Fixing an Airport Basestation
Resurrecting an old Airport Express (APX)


My home network consists of a broadband modem and two Airport Express (APX) boxes, both mounted in Belkin Airbase stands to improve cooling, as the Airport Express produces a significant amount of heat.


The first box was used to provide the main network access point, and the second was a wi-fi bridge and print server. Recently, my one of my c.2005 Airport Express Wi-Fi box died and I was left with three options.

  1. Run my home network with one Airport device, and connect all printers to static computers.
  2. Buy a replacement Airport device
  3. Try to repair the system.

Research and Methods

I decided to instigate option 1, whilst investigating option three. A little searching with Google located a few useful sites detailing the procedure.

It transpired that the Airport Express comprises of two discrete parts, the AC transformer (111/240V) and a low voltage APX component required a 5V d.c. feed and a 3.5V d.c. feed. These sites suggested that the mains transformer had burnt out, and that the wi-fi, Ethernet, Air-tunes server and print-server systems were probably still working.


I took a Dremel to the APX case – which effectively destroyed it and discarded the AC Transformer, but I was able to salvage the important part, the APX electronics.

Following guides on the web sites, I bought the following components from Maplin Electronics (

  • N57CA TS1086CZ-3.3                       N57CA £2.78
  • RA49D Monores Cap 0.1uF     RA33L £0.58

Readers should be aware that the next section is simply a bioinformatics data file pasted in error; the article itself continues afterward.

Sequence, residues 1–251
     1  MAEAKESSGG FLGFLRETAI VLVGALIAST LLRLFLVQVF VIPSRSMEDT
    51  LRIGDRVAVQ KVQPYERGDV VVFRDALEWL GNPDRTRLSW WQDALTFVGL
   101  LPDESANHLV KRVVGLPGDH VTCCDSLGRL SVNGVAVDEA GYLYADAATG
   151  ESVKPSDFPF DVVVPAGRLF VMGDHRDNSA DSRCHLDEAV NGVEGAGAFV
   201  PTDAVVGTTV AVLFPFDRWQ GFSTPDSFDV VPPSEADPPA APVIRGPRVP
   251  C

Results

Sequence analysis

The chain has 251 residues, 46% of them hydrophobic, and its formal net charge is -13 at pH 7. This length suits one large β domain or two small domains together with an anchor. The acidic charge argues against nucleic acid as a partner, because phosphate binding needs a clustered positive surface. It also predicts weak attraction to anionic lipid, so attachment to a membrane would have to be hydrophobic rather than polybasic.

• KQ70M GenElect 100uF 25V              AT02C £1.08
  • USB Dual Power Supply     N15GN £16.99

Also, a small quantity of strip board and wire was obtained, and an old USB lead was scavenged from a box of spares.

The following wiring diagram was used and the circuit was constructed, with all wires soldered to the stripboard.
droppedImage_1 droppedImage_2


The Red and Black leads from the USB leads were used to provide a 5V input supply, and this was soldered directly to the stripboard. Since two output voltages were required, a 5V supply was fed via smaller 0.1uF capacitor directly to the red 5V input line on the APX, the voltage regulator in conjunction with the 100uF capacitor was used to provide a 3.5V supply to the two orange input lines and all ground lines were connected.


A new case was constructed using a 3D Rapid Prototyping System (Dimension 1200ES). This was designed using SolidEdge running on Windows 7 (via Parallels Desktop) and both the APX board and the new Power supply board were inserted into the case. Access holes were designed to allow Ethernet, Audio and USB output from the APX: additionally,  a window for the APX status LED was also included. A cable flange was also used to secure the USB power lead to the case.

      droppedImage_4 droppedImage_5


Finally, the Lid was attached and the USB power supply was connected and Airport Utility was configured to integrate the repaired APX back into my home network.


What started with a dead APX system suffering from a burnt-out AC transformer, concluded with a fully functional APX system running from a UBS power supply.



With hindsight, a few modifications could be made :-

Instead of wiring the USB lead to the PSU board, a USB socket should be used, either case mounted or board mounted.
The voltage converter generates a reasonable amount of heat, to prolong the life of the repaired system a suitable heatsink can be bought from Maplin  (JX21X - £0.85)